What can you do to preserve your rug's beauty?
Remember that soil and dust particles are acting like tiny razor blades sawing away at the fibers of your rug when you walk on it. Try to vacuum often, and avoid the fringes. (The fringes in most cases are an extension of the foundation of your rug. You want to avoid damage to the fringes).
Rotate Your Rug
It is important to rotate your rug to avoid continually walking over the same spots (remember the soil and dust acting like tiny scabbards). You should also be on the lookout for sun fade, which can be mitigated to some degree by rotation – although sun fade is something you want to try to avoid altogether.
Try to Avoid Sun Fade
Sun fade is very difficult to correct, if not impossible. When you move, or when you purchase a new rug, you should be conscious of how the light from your windows will affect the rug. Be particular about skylights. Also be aware that you may not see a full day’s effect if you are not home during the day to observe how the light falls at different times.
We advocate a coating for your windows which will block much of the harmful rays. We have had this done in our own home. If this is not possible, consider curtains and shades. Once the rug becomes faded unevenly, it is virtually impossible to even out the color.
Particularly if any part of your rug is under furniture or in a dark area, you should inspect periodically for moths. Moths will generally be evident by their casings, which look like grains of rice. You should look at the rug carefully for evidence of insects.
Address Emergencies Immediately
All oriental repair work is expensive because it is time-consuming and very labor-intensive. It is therefore important that any damage to your rug be addressed sooner rather than later. It is safe to say that time is the enemy of oriental rugs. The longer a damaged area goes un-repaired, the longer a spill or animal accident remains on the rug, the longer your rug goes with moths eating away at it, the harder it will be to correct, and in some cases, the stains will not come out and/or the repairs will be very costly.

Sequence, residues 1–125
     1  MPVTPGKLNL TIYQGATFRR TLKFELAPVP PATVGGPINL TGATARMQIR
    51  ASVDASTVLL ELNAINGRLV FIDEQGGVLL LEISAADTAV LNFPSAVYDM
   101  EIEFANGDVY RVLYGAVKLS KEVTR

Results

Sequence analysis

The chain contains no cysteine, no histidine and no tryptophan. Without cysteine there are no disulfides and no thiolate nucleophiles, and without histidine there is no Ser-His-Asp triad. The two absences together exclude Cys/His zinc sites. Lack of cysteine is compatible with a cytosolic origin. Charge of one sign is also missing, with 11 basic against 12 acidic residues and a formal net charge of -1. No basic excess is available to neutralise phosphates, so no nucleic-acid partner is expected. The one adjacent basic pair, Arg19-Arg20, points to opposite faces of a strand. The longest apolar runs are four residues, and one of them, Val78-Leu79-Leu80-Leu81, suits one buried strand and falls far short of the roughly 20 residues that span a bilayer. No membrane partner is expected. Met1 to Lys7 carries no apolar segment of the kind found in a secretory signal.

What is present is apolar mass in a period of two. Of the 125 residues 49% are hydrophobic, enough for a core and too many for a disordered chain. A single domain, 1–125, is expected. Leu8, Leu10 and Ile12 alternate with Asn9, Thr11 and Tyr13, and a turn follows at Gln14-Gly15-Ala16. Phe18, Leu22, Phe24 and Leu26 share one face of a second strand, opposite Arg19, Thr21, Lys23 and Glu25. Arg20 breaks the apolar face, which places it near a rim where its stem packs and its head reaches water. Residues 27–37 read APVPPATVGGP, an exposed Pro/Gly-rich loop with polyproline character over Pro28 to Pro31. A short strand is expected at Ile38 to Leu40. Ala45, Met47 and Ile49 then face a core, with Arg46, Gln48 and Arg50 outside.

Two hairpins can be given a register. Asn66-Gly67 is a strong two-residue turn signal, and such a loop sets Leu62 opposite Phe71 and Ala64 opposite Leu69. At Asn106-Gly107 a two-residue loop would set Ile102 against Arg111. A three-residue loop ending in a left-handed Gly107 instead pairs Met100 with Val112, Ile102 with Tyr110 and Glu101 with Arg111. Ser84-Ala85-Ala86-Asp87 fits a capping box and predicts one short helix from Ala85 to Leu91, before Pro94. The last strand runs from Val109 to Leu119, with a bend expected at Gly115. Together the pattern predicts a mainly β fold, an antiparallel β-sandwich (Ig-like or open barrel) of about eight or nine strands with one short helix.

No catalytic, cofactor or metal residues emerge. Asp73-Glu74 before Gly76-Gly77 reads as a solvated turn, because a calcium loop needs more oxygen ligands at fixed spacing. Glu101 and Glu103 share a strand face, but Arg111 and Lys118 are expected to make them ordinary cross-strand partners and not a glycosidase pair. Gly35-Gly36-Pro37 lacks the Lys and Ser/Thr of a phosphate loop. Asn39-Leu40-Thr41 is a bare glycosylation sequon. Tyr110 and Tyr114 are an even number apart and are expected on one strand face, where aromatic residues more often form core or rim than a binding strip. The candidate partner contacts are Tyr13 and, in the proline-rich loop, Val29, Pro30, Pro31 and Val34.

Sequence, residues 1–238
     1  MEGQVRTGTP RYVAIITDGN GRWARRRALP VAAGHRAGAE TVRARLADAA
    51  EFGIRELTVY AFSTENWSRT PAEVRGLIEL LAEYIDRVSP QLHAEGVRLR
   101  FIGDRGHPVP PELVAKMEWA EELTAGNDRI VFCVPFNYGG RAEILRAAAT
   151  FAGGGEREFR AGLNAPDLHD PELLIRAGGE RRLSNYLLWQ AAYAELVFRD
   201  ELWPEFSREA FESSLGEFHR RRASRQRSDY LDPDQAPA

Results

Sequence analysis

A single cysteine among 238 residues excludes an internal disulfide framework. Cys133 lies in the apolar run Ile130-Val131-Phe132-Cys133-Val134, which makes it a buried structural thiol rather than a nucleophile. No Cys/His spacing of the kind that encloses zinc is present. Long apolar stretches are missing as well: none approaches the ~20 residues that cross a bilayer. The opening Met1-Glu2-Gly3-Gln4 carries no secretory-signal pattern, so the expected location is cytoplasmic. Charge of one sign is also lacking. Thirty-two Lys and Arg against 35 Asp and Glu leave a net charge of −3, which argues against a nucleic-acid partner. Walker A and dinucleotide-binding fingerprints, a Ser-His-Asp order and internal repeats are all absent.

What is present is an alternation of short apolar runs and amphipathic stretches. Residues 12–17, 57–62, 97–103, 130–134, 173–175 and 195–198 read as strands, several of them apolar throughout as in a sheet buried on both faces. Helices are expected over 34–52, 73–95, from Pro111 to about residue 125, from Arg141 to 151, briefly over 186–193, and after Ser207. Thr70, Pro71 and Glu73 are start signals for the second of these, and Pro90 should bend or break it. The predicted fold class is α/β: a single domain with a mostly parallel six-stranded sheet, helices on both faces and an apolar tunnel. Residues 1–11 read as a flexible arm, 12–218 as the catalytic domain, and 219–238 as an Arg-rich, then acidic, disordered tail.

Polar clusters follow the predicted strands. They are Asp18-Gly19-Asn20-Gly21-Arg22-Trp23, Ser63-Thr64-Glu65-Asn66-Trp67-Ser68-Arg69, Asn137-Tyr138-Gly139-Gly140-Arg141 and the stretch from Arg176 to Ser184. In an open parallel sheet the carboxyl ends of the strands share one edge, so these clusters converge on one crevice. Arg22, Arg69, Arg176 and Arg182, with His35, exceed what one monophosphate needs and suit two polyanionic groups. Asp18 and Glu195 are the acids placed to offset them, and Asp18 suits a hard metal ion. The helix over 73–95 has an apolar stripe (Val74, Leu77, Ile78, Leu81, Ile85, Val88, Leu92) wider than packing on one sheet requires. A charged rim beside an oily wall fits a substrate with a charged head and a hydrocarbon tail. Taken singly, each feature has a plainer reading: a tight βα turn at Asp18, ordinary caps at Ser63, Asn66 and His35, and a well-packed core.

Never Put a Potted Plant on Your Rug
If you place a potted plant on your rug, you are asking for certain trouble. We have seen many rugs sustain major damage from this practice. It is virtually impossible to ensure that moisture will not make its way to the rug, and the carpet will rot out from this moisture. This is an extremely expensive repair. If you value your rug, never ever put a potted plant on it.
Rules for Rug Storage
If, due to a move or remodel or some other reason, you need to roll your rug up for storage, you must have it cleaned first. Then the rug should be wrapped in a breathable, archival type paper – never plastic – for storage. The practice of rolling up a dirty rug and placing it a garage or some other dark spot is like advertising a free, open bar rock concert to moths. They love dirty wool in dark places. They will eat holes throughout the rug. This is also a time-consuming and costly repair.
The Truth About Rugs and Dogs
Most of the damage we see to oriental rugs comes from puppies and young dogs. There is a very short window period in which to address urine on a rug before it turns to a permanent stain. Also, we have seen many rugs damaged by chewing on the corners and the fringe. It is therefore our strong advice that if you get a new puppy, or if you get a new rug when you have a young dog, that you store the rug away from the dog’s reach until it is old enough to be house-trained and out of the chewing stage.
Enjoy Your Rug!
Although this advice may impart the feeling that your rug is fragile and requires a lot of care, the opposite is true. Oriental rugs are extremely durable and will last a lot longer than wall-to-wall carpeting if you take care of them. This is essentially: wash them periodically, vacuum, and keep them away from harmful sunlight, moths and your young animals. You will be able to enjoy your rug for your lifetime. Pick-up and delivery available by calling us at (269) 382-2288.